Plant Growth Regulation

, Volume 87, Issue 1, pp 93–108 | Cite as

Ιntra-species grafting induces epigenetic and metabolic changes accompanied by alterations in fruit size and shape of Cucurbita pepo L.

  • Aliki Xanthopoulou
  • Aphrodite Tsaballa
  • Ioannis Ganopoulos
  • Aliki Kapazoglou
  • Evangelia Avramidou
  • Filippos A. Aravanopoulos
  • Theodoros Moysiadis
  • Maslin Osathanunkul
  • Athanasios Tsaftaris
  • Andreas G. Doulis
  • Apostolos Kalivas
  • Eirini Sarrou
  • Stefan Martens
  • Irini Nianiou-ObeidatEmail author
  • Panagiotis MadesisEmail author
Original paper


To further understand the impact of grafting on fruit characteristics and to comprehend the mechanisms involved in graft-induced changes we studied homo- and hetero- grafted Cucurbita pepo cultivars (cv.) that vary in fruit size and shape. C. pepo cv. ‘Munchkin’ and cv. ‘Big Moose’ as well as cv. ‘Round green’ and cv. ‘Princess’ were homo-grafted and reciprocally hetero-grafted. The results show significant changes in fruit size when ‘Big Moose’ was grafted onto ‘Munchkin’ rootstocks in comparison to homo-grafted controls. Statistically significant changes were also observed in fruit shape when cv. ‘Princess’ was grafted on cv. ‘Round green’. This is the first report of such phenotypic changes after intra-species/inter-cultivar grafting in Cucurbitaceae. Additionally, we found significant changes in (i) secondary metabolite profile, (ii) global DNA methylation pattern and (iii) miRNA expression patterns in grafted scions and (iv) DNA methylation on graft-induced phenotypic changes in grafted plants. Our results contribute to further understanding graft-induced effects on fruit morphology in intra-species grafting. Furthermore, our results pave the way for understanding the role of phenolic metabolites and epigenetic molecular mechanisms on the phenotypic changes recorded.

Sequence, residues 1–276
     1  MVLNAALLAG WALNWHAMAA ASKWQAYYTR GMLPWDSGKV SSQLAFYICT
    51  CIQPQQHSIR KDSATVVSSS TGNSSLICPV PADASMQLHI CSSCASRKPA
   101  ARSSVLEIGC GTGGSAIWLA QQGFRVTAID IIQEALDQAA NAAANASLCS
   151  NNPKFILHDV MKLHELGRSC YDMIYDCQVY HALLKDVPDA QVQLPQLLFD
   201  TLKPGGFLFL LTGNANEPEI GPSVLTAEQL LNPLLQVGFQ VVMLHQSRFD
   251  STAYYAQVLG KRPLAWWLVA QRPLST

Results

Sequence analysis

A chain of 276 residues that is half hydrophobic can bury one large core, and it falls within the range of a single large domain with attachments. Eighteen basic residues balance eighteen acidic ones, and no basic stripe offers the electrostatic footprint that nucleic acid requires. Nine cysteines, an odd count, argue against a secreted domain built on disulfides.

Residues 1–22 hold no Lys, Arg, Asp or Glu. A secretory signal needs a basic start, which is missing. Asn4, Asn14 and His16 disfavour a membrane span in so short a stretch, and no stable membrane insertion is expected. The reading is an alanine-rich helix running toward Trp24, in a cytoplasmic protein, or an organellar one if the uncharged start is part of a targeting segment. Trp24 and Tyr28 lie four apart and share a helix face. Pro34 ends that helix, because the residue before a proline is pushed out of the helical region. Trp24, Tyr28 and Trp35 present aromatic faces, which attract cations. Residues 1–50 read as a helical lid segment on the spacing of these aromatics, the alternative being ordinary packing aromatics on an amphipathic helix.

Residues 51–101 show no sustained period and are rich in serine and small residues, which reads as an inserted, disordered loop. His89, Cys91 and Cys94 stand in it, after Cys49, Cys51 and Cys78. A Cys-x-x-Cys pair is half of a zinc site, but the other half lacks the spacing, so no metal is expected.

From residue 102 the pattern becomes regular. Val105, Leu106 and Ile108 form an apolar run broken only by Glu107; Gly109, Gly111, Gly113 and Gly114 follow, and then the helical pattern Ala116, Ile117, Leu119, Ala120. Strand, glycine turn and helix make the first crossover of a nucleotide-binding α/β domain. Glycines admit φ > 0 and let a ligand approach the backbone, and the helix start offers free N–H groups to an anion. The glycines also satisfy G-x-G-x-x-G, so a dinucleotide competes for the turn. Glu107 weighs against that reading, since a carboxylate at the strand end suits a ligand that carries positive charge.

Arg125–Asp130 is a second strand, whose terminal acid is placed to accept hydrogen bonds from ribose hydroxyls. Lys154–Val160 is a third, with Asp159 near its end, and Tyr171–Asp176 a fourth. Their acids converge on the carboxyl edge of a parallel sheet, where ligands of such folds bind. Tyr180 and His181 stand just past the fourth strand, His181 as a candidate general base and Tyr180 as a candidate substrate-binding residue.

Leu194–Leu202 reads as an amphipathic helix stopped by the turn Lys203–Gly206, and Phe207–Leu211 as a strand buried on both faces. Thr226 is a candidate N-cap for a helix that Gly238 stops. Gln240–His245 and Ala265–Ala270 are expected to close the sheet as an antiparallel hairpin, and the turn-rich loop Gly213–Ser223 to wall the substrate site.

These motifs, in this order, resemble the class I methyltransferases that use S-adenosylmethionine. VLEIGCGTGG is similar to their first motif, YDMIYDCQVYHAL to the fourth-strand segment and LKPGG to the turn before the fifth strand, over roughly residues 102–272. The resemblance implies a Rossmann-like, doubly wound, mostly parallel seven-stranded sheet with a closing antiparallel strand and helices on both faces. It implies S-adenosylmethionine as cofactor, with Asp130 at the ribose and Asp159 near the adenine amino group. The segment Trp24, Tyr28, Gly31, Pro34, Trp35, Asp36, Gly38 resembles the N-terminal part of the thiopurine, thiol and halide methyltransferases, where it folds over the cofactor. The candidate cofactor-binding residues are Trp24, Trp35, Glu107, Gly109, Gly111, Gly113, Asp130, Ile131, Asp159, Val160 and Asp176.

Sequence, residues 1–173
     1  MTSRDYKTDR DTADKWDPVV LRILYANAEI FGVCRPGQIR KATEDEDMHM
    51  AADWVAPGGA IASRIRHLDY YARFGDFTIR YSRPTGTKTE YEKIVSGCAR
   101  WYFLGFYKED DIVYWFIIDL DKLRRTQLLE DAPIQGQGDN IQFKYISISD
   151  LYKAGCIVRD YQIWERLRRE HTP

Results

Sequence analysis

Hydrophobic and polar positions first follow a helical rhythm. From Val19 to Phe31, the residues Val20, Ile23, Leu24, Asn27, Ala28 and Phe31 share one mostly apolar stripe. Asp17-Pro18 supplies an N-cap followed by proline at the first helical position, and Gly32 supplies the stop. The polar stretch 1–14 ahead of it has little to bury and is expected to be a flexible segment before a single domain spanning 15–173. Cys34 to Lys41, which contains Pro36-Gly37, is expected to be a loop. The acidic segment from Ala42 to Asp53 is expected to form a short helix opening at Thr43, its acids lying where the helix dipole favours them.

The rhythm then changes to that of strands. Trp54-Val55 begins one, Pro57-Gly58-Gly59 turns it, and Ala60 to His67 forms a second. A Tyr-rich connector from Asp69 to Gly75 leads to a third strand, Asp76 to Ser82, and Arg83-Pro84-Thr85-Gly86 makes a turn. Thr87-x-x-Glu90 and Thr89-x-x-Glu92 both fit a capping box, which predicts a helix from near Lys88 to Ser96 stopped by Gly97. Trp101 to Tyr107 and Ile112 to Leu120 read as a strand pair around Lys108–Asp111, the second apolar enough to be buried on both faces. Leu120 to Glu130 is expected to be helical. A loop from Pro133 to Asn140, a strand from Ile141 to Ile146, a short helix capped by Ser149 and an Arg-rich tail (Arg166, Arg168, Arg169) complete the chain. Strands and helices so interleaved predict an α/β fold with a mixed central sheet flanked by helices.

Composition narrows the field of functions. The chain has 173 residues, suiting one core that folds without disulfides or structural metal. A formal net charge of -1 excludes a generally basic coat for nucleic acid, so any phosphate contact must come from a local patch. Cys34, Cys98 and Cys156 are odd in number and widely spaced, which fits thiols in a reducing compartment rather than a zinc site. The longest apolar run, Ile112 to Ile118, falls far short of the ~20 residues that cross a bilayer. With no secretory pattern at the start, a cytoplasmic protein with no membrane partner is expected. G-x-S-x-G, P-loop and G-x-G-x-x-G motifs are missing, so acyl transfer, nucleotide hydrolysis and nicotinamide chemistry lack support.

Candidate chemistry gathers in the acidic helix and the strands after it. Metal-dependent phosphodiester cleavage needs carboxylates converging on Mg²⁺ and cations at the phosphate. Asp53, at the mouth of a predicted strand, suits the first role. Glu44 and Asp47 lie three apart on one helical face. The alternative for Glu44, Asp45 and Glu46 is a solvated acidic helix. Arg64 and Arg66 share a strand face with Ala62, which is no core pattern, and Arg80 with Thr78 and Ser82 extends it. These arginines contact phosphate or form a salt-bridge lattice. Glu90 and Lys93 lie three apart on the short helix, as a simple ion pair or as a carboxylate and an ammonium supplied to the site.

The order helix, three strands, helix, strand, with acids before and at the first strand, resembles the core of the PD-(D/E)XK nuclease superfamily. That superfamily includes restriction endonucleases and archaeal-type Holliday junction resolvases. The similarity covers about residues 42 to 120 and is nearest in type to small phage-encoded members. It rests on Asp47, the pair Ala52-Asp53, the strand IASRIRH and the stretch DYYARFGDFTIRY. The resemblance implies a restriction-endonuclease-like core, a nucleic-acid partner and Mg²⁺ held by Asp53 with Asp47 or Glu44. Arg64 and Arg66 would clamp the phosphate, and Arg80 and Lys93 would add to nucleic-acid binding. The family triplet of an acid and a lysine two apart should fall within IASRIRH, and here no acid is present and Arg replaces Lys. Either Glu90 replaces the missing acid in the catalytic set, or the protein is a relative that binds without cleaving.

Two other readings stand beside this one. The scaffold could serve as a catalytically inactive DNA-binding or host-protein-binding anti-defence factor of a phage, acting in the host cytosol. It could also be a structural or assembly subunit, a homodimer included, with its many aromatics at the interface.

Cucurbitaceae MSAP methylation sensitive amplified polymorphisms markers Epigenetic Phenolics miRNAs Fruit morphology 

Supplementary material

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Supplementary material 1 (DOC 750 KB)
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Supplementary material 2 (DOC 32 KB)
10725_2018_456_MOESM3_ESM.docx (58 kb)
Supplementary material 3 (DOCX 57 KB)


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Copyright information

© Springer Nature B.V. 2018

Authors and Affiliations

  • Aliki Xanthopoulou
    • 1
  • Aphrodite Tsaballa
    • 2
  • Ioannis Ganopoulos
    • 2
  • Aliki Kapazoglou
    • 3
  • Evangelia Avramidou
    • 4
  • Filippos A. Aravanopoulos
    • 4
  • Theodoros Moysiadis
    • 5
  • Maslin Osathanunkul
    • 6
    • 7
  • Athanasios Tsaftaris
    • 1
    • 9
  • Andreas G. Doulis
    • 8
  • Apostolos Kalivas
    • 2
  • Eirini Sarrou
    • 2
  • Stefan Martens
    • 10
  • Irini Nianiou-Obeidat
    • 1
    Email author
  • Panagiotis Madesis
    • 5
    Email author
  1. 1.Department of Genetics and Plant BreedingAristotle University of ThessalonikiThessaloníkiGreece
  2. 2.Institute of Plant Breeding and Genetic ResourcesHellenic Agricultural Organization-DEMETERThermiGreece
  3. 3.Department of Viticulture, Institute of Olive Tree, Subtropical Crops and ViticultureHellenic Agricultural Organization-DEMETERAthensGreece
  4. 4.Laboratory of Forest Genetics and Tree Breeding, Faculty of Forestry and Natural EnvironmentAristotle University of ThessalonikiThessaloníkiGreece
  5. 5.Institute of Applied BiosciencesCERTHThermi, ThessaloníkiGreece
  6. 6.Department of Biology, Faculty of ScienceChiang Mai UniversityChiang MaiThailand
  7. 7.Center of Excellence in Bioresources for Agriculture, Industry and MedicineChiang Mai UniversityChiang MaiThailand
  8. 8.Hellenic Agricultural Organization-DEMETER, Institute of Olive TreeSubtropical Crops and ViticultureHeraklionGreece
  9. 9.Perrotis College, American Farm SchoolThessaloníkiGreece
  10. 10.Department of Food Quality and Nutrition DepartmentIASMA Research and Innovation Centre, Fondazione Edmund Mach (FEM)San Michele all’ AdigeItaly

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